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LITTLE ROCK — Gov. Asa Hutchinson announced Thursday that positive cases of the coronavirus rose to 62 within the previous 24 hours, restaurants will be ordered to close for dine-in eating and public schools will be closed until at least mid-April.

Cases have now been reported in Bradley, Cleburne, Clark, Cleveland, Craighead, Desha, Faulkner, Garland, Independence, Jefferson, Lincoln, Poinsett, Pope, Pulaski, Saline, Searcy, Sevier, Van Buren and Washington counties.

Although the number rose to 62 from 33 the previous day, Hutchinson said that shouldn’t be a surprise: As testing for the virus expands, so will the number of positive cases recorded.

Previously, most cases had been tied to out of state travel, especially to France, India, Colorado, Springfield, Missouri, Las Vegas and New Orleans. Hutchinson said there are now definite signs of community spread, so he laid out the following restrictions.

Public schools, which were ordered closed earlier this week, will remain closed through April 17. Education will continue through alternate methods of instruction, or AMI, and the situation will be re-evaluated at that time.

State government employees will be required to telecommute with the exception of personnel required for the efficient operation of government.

Hospitals, clinics and mental health facilities will be required to screen patients and visitors for symptoms and temperature.

Restaurants will be closed to dine-in service, although carry-out, drive through and delivery orders will still be available. Restaurants with an alcohol permit will be allowed to sell sealed bottles of wine to go with the purchase of food (the Alcoholic Beverage Control Commission will cover more specifics).

Finally, indoor venues such as gymnasiums will be closed to non-essential functions.

Businesses are encouraged to move to telecommuting, video conferencing and remote work where possible. They should institute screening of employees and visitors and encourage social distancing. Businesses should also plan for the future with updated continuity plans.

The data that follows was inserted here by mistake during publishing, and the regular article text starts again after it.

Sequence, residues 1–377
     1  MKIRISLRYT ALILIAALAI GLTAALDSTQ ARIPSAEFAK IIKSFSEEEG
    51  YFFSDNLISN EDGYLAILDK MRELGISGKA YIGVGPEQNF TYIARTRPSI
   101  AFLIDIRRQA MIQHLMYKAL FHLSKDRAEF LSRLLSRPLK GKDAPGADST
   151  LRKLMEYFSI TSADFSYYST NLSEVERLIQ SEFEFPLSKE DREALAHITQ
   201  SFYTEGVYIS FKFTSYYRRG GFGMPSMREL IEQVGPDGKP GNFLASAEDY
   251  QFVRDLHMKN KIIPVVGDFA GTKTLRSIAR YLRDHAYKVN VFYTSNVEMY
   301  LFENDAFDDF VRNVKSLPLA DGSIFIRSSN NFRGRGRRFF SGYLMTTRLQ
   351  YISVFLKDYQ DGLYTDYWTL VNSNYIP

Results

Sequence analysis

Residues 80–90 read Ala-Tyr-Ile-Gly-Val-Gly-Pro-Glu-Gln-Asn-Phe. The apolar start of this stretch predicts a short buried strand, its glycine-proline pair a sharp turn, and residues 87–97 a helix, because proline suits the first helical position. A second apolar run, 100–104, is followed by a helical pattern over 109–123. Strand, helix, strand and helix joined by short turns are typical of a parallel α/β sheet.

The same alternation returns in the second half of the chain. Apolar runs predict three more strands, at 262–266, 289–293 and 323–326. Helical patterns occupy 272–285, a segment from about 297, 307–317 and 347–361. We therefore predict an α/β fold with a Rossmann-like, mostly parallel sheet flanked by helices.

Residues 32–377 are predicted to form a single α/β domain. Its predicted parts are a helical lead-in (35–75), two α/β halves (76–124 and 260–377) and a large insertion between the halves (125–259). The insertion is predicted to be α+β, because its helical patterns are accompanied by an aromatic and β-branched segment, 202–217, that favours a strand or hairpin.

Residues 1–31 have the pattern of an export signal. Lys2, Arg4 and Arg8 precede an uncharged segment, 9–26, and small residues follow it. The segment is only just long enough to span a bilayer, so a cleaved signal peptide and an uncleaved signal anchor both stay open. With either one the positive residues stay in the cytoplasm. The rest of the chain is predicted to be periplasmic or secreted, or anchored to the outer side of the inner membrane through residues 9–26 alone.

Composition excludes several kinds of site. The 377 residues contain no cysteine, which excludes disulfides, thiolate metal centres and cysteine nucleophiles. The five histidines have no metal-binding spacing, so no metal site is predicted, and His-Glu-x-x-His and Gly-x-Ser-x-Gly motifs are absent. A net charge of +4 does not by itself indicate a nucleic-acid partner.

To the public, older individuals and those with serious health issues should stay home as much as possible and avoid unnecessary contact with visitors. People should also limit social gatherings to 10 people or less. They should utilize drive-through and delivery services at restaurants to support those businesses. They should avoid unnecessary trips where large groups of people will be present. And avoid visiting long-term care facilities for elderly people.

Outdoor activities like hiking, fishing and walking while practicing social distancing are encouraged. Churches, mosques and synagogues are asked to employ innovation when ministering to congregations and avoiding large crowds.

Hutchinson said those directives will be followed up with official orders from the state Health Department on Friday.

State Health Secretary Dr. Nate Smith said the breakdown of population in positive cases has been:

• Six have been children.

• Fifteen have been 65 and older

• Forty-one have been ages 19 to 64.

He said there would be further analysis of demographics as time goes on.

Department of Health records as of Thursday afternoon show there have been between one and four tests for coronavirus in Boone, Carroll and Marion counties, but all have been negative.

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